Slope = 12 dB / octave

Source: Modern Recording Techniques, Huber & Runstein
             Filter Controls
• HPF & LPF: Frequency Control
  – filters only cut, no gain control
  – Slope: usually a preset rate.
  – Common Slope Rates: 6 dB/octave,
    9 dB / octave, 12 dB / octave, 18 dB / octave

• BPF: Bandwidth control and Center
  Frequency control, no gain control
                    EQ Bands
• Band = A range of frequencies to be affected
• Band = A set of controls

• How many bands? Count the gain controls.

    Note: HPF, LPF, and BPF usually not classified as bands on
    analog EQ devices.
    A single curve (either peak/ dip or shelving ) is a single band.
           Equalizer Types
1. Graphic - Multiple Bands (usually 10,15,or
   30) broken down by octave increments.
   Fixed frequency, fixed bandwidth. Variable
   +/- gain.

2. Parametric - “More versatile EQ”
    Up to 5 bands (analog device), with variable
    frequency and gain control. Also may have
    bandwidth or Q adjustment.
                      Graphic Eq
                      •   10-band graphic EQ
                      •   mono channel
                      •   Freq: 1 octave ranges
                      •   Gain: +/- 12 dB
                      •   BW = 1 octave

Source: www.api.com
                      Semi-Parametric EQ
                      •   4 Bands
                      •   Hi Band: Bell or Hi Shelving
                      •   Low Band: Bell or Low Shelving
                      •   Mid Bands (2): Bell Curve
                      •   Gain: +/- 12 dB
                      •   Frequency Adjust (ranges)
                      •   BW: Preset => Semi

Source: www.api.com
   Semi vs. Fully Parametric
• Semi: preset or limited (switched)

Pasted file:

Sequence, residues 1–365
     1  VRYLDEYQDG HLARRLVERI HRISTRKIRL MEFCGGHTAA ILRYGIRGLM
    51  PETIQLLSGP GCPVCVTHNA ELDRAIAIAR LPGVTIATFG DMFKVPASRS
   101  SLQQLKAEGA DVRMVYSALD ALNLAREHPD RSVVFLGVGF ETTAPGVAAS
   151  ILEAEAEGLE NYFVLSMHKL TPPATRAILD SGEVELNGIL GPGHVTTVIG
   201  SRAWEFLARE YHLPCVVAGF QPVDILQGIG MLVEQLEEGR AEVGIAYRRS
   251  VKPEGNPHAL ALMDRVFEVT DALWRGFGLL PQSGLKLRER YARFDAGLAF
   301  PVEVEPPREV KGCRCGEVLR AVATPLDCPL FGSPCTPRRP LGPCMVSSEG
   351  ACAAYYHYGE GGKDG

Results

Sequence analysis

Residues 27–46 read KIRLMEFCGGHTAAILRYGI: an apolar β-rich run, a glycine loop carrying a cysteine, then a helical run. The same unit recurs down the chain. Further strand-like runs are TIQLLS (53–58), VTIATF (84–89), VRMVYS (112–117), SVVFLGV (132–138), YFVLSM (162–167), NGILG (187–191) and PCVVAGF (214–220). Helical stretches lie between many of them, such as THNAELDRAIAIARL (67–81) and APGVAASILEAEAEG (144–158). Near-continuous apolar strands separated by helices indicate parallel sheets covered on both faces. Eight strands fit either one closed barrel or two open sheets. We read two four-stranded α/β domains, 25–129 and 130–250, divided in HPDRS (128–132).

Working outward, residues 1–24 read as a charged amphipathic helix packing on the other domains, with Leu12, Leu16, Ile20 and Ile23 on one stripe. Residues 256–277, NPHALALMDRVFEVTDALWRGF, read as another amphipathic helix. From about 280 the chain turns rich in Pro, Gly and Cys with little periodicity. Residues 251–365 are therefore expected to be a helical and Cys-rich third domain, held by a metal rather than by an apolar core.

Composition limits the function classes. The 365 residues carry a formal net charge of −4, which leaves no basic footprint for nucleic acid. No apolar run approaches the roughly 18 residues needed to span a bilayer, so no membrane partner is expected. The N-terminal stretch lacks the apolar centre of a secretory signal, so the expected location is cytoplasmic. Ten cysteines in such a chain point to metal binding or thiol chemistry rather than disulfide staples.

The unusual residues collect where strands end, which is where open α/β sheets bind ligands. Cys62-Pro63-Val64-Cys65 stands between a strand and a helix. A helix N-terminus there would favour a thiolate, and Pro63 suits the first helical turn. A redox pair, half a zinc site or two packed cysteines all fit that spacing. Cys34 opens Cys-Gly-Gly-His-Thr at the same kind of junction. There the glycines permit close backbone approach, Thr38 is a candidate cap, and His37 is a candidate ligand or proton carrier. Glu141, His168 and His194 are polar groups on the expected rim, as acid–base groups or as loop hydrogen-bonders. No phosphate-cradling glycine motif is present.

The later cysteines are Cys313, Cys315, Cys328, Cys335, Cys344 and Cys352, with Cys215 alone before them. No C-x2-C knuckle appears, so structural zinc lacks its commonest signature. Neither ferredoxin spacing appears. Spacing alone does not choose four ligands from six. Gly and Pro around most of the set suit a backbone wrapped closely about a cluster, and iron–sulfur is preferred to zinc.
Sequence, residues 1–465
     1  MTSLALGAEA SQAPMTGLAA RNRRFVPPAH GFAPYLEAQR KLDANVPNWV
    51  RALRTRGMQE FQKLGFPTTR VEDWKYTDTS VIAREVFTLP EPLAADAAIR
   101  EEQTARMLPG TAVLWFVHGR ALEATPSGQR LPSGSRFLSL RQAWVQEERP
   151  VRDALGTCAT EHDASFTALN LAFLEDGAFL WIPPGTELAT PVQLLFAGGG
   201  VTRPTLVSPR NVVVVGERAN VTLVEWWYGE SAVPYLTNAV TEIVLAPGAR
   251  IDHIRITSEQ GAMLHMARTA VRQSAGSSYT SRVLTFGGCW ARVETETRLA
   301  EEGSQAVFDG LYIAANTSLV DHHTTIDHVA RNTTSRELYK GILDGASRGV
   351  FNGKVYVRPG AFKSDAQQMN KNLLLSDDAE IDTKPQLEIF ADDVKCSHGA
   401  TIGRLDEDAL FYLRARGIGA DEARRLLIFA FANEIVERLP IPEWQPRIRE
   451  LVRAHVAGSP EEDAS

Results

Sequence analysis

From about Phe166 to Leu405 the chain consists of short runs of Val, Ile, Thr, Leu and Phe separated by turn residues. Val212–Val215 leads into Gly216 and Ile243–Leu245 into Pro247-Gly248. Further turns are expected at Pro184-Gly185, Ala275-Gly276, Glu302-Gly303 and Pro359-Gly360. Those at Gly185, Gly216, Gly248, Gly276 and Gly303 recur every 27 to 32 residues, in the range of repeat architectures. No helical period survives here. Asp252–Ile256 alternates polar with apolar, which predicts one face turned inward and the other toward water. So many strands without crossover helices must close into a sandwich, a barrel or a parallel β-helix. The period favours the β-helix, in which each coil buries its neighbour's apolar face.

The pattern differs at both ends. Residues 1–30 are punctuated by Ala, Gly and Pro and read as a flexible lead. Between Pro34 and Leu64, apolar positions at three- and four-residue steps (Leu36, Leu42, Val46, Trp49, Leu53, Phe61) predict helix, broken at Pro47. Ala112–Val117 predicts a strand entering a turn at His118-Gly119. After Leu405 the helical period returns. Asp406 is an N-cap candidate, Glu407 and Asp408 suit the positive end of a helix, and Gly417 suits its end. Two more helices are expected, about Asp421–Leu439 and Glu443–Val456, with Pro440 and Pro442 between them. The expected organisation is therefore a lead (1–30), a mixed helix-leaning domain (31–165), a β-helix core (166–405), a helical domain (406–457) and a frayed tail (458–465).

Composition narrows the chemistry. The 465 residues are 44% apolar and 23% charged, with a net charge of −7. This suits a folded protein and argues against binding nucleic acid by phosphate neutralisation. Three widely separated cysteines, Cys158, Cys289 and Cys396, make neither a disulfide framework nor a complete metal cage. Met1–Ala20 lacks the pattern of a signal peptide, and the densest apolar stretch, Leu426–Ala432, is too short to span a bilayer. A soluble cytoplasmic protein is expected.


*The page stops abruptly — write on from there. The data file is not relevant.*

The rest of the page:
bandwidth adjustment.

• Fully: sweepable (continuous)
  bandwidth adjustment.
   Selectable vs. Sweepable
      Frequency Control

• Selectable: Switched in increments.
  Non-continuous. Limited Options.
• Sweepable: Continuous adjustment.
  – Ranges (ex. 20 Hz - 1kHz)
  – Full Spectrum (ex. 20 Hz - 20 kHz)
                        Fully Parametric Eq

   •    Dual Mono Design (2 mono channels)
   •    4 bands per channel
   •    High/Low Bands: Shelving or Bell Curve
   •    High/Low Bands:No BW control=>Semi
                        Fully Parametric Eq

    • Mid Bands(2): Bell Curve
    • Mid Bands have BW control=>fully
    • Overall Classification: Fully Parametric
Source: www.manleylabs.com

                  Parametric Pultec EQ

  •    Dual Mono Design (or Stereo), Tube Design
  •    3 Bands per Channel
  •    Parametric => Adjustable Frequency Control
  •    Selectable Frequency(Non continuous control)
  •    Low Band: Low Shelving. +/- Gain
  •    Mid Band: Bell Curve, Gain: Boost only
  •    Mid Band: BW control
  •    Hi Band: Hi Shelving, Gain: Cut Only
                          Wah Wah Pedal

                             • Pedal Controls a Center
                             • Bell Curve with Gain
                               Boost or Band pass
                               Filter design

Source: www.zsounds.com
                 Envelope Filter

     Wah Wah effect triggered by an input voltage
     Sensitivity: processes once a threshold level is passed
     Range: Sweep Frequency Range
     Blend: Direct / Processed mix